As a leading force in health sciences research we hold ourselves to exceptionally high standards. After all, our world class reputation for research excellence was hard won and has never been taken for granted.
However, if you thought that this research was conducted only by our leading academics and paid research staff, then you would be quite wrong. That is because our postgraduate students are involved and in some cases leading research projects of international significance.
One strategy through which we encourage and celebrate the calibre of our students’ research is the University-wide Three Minute Thesis competition, which gives our research fellows and students a platform to demonstrate the value of their work in summary.
Rokhsaneh Tehrany’s research work into digitised lung sounds, which can be interpreted to give a potentially life-saving diagnosis, greatly impressed judges during the Health Sciences heat of the 3MT competition, earning her a place in the final.
Her digital stethoscope model tracks a patient’s breathing patterns when they talk. This research niche has the potential to revolutionise the way service users are assessed for respiratory conditions. That is because it introduces an element of computerised analysis that mitigates the likelihood of human error in interpreting evidence.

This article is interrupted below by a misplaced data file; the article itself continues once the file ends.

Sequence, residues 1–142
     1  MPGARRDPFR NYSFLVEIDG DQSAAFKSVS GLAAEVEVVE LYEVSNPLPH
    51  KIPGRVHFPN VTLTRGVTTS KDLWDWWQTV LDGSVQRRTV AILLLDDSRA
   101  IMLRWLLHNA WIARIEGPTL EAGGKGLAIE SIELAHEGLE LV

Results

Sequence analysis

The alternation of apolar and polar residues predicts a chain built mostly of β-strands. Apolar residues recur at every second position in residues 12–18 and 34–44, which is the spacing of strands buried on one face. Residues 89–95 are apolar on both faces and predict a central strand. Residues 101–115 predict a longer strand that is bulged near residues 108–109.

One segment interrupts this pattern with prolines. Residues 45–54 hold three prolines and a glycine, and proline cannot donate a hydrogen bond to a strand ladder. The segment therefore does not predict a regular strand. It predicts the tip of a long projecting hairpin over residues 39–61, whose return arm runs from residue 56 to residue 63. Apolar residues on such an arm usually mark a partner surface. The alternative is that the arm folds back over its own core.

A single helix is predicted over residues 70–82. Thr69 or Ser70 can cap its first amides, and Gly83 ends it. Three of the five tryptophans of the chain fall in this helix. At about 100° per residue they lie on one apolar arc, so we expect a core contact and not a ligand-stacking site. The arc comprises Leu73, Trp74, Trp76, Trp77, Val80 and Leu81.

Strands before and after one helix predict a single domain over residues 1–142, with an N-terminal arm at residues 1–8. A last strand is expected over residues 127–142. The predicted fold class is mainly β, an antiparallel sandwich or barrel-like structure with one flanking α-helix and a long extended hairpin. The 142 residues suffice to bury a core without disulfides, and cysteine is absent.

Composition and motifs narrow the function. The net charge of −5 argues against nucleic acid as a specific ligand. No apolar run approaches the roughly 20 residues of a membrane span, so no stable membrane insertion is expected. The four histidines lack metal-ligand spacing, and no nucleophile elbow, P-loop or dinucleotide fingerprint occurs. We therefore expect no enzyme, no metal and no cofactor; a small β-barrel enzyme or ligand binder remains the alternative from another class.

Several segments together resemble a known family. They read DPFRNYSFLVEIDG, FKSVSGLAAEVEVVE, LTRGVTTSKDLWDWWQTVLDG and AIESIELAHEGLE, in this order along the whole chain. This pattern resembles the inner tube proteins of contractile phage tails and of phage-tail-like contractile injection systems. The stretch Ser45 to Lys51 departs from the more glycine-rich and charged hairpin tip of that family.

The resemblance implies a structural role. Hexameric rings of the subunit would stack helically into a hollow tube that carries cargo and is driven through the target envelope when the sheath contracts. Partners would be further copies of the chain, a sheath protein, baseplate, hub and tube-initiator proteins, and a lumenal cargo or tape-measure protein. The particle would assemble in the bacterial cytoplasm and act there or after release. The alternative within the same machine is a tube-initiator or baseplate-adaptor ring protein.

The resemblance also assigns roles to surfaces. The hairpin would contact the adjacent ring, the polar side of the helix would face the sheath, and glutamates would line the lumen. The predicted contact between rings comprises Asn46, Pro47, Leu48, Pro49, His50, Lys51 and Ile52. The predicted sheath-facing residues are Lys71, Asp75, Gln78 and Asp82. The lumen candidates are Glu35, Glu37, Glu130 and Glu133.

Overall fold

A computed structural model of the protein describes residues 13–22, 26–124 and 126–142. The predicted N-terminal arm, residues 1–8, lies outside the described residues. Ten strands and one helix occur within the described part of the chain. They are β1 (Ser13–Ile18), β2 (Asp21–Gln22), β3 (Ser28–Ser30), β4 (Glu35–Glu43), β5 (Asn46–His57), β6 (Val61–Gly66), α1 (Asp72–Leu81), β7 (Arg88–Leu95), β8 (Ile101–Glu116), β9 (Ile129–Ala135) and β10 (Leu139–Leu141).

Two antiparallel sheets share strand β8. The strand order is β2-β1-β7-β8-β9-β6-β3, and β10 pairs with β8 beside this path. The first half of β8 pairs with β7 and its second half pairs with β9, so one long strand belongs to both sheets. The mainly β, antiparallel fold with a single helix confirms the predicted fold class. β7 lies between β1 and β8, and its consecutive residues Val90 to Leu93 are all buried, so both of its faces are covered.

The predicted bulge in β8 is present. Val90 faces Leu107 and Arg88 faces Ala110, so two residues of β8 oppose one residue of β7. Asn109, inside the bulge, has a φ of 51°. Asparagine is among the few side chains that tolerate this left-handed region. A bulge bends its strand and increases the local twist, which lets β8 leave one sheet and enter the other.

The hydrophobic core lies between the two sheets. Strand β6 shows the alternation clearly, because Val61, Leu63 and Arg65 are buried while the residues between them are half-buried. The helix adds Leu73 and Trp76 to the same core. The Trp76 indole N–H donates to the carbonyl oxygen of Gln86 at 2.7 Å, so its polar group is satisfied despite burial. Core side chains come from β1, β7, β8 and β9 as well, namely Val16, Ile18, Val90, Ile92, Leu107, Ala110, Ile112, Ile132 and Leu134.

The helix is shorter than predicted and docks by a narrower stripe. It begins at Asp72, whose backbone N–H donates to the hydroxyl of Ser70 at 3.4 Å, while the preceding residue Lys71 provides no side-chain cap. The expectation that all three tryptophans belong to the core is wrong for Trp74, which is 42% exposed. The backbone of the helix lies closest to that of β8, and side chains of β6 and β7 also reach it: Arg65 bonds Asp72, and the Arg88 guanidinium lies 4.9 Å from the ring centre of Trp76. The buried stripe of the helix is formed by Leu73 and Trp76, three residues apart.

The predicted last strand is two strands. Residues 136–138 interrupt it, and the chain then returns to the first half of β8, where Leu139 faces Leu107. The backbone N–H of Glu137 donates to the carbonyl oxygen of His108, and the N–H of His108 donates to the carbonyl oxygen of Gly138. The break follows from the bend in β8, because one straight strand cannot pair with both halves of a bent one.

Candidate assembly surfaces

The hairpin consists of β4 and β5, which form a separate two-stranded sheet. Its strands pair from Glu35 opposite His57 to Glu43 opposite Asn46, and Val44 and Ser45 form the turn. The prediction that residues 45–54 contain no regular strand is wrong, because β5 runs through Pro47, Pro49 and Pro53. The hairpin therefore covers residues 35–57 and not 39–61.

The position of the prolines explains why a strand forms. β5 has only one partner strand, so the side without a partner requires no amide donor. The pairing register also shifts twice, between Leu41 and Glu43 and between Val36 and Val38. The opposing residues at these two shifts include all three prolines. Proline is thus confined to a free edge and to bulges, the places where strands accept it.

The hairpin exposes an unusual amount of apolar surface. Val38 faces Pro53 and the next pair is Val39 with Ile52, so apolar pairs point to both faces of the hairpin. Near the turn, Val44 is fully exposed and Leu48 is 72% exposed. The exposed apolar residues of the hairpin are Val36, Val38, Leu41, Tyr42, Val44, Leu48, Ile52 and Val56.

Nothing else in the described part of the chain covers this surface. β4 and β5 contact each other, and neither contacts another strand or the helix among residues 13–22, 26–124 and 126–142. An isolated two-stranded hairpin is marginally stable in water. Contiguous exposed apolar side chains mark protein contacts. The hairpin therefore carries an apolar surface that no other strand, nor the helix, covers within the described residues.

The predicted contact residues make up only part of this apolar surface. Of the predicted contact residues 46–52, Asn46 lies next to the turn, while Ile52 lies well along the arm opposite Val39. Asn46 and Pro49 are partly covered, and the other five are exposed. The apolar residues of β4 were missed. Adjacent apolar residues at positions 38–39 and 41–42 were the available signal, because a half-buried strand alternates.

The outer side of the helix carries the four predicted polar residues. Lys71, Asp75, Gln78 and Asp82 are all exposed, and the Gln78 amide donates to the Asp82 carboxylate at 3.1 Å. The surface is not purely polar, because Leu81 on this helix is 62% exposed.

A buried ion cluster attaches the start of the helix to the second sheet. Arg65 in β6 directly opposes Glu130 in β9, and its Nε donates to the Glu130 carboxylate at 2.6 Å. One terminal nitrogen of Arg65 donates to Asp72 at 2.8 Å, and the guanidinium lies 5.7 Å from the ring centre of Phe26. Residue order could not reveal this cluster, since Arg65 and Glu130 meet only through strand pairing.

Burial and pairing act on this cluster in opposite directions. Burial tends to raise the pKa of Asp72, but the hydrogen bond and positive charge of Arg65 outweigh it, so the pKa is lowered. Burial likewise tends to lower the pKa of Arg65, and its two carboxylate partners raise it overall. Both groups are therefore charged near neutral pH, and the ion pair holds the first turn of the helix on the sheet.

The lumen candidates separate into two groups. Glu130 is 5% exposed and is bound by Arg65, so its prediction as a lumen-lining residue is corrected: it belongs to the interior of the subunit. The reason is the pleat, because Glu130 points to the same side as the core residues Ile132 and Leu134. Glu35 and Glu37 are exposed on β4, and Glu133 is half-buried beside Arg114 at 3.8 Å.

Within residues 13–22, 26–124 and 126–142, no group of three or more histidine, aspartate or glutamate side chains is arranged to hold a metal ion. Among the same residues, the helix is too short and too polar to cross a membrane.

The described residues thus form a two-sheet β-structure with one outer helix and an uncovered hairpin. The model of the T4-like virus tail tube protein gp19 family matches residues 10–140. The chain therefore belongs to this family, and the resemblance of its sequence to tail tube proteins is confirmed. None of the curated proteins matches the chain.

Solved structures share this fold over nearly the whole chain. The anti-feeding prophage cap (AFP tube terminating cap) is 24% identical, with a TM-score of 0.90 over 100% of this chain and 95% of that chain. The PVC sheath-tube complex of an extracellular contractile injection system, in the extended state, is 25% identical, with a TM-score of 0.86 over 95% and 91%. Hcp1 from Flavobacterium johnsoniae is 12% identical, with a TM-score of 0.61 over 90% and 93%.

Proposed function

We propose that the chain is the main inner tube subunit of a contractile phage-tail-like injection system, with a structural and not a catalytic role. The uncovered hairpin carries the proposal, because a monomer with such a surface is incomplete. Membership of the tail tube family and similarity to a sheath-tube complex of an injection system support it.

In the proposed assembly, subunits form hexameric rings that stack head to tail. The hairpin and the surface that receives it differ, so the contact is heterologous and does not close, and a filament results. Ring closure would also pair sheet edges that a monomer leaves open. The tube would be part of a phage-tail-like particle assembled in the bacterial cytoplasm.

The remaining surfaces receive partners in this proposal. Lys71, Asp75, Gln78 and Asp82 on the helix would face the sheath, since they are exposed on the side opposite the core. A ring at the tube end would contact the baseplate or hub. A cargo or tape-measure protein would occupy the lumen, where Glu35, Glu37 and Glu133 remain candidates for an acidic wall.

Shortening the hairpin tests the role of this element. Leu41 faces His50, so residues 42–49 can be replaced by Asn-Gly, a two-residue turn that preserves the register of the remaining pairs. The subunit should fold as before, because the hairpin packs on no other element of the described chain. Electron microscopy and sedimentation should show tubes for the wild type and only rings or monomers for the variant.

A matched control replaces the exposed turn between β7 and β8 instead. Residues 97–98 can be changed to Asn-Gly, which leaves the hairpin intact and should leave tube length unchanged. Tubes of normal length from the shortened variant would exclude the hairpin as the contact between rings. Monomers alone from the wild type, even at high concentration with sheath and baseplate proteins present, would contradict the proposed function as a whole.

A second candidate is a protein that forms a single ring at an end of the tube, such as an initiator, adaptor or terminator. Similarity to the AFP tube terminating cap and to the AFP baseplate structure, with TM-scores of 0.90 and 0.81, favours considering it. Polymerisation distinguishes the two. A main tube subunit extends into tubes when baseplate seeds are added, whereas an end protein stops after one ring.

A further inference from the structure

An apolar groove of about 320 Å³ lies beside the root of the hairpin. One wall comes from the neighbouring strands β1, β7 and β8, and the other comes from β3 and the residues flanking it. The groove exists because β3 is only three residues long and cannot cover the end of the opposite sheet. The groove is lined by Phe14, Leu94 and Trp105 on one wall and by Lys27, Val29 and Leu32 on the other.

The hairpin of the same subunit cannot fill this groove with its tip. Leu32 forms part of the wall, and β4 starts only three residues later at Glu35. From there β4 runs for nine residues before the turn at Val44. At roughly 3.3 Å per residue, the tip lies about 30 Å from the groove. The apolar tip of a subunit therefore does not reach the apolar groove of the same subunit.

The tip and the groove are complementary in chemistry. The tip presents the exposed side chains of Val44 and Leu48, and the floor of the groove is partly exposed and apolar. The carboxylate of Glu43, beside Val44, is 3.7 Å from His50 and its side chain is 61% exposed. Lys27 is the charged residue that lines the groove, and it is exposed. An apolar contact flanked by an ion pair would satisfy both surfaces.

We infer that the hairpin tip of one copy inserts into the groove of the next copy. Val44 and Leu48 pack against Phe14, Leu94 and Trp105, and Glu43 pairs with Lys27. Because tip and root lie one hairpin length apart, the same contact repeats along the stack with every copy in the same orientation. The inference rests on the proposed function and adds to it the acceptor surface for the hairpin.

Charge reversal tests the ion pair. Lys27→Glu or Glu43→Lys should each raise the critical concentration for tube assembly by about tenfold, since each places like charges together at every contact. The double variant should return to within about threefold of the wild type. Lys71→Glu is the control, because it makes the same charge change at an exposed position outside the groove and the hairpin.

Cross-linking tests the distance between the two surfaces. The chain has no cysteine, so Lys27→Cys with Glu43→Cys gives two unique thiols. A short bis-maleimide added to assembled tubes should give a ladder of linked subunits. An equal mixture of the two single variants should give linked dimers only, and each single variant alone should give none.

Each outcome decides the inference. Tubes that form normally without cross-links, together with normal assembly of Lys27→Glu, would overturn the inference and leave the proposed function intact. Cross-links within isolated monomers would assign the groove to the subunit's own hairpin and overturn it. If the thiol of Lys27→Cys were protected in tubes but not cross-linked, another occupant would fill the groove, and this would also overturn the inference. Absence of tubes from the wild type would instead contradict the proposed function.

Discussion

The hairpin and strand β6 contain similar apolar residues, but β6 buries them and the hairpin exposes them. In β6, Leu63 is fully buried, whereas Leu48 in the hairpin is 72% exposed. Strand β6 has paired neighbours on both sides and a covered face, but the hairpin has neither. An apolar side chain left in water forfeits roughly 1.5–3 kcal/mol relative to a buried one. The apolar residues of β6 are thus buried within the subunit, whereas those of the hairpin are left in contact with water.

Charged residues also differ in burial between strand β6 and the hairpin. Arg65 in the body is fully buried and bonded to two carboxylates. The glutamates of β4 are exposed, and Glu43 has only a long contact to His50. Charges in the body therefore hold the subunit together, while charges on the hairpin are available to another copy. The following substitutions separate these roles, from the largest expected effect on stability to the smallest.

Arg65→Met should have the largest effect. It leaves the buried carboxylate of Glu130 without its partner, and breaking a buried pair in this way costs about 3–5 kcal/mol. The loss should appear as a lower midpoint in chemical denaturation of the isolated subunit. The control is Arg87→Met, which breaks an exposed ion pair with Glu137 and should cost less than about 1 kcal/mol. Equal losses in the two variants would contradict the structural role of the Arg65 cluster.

The people’s choice award went to Sophia Hulbert, who demonstrated the beneficial effects of ballroom dancing for sufferers of Parkinson’s disease, which placed particular emphasis on regaining the ability to turn.
In addition to the 3MT programme we run an annual Postgraduate Research Conference, which is designed to give our doctoral research students the opportunity to disseminate their research findings and receive feedback from a judging panel.
The 2014 event was attended by more than one hundred people and featured detailed poster presentations from doctoral students representing each of our research groups. These are Cancer, Palliative and End of Life Care, Innovative and Essential Care, and Rehabilitation and Health Technologies.
In terms of prizes, best oral presentation was awarded to Gillian Crawford, for her study of families’ and healthcare professionals’ experiences of managing incidental information in genomic investigations. Meanwhile the title of best poster presentation was awarded to Sarah Bailey for her feasibility study of a coping intervention for women with recurrent miscarriage.
Michelle Cowen and Allison Saltrese were runners-up in the best oral presentation category, and Shabana Malik and Annabel Rule runners-up for their posters.
Across both of these events we have shown evidence of expertise, innovation and commitment to the ideology of continued research for improved services. It gives me great pleasure to congratulate all of you who took part. I have no doubt that I will be reading about your excellent work again in the very near future.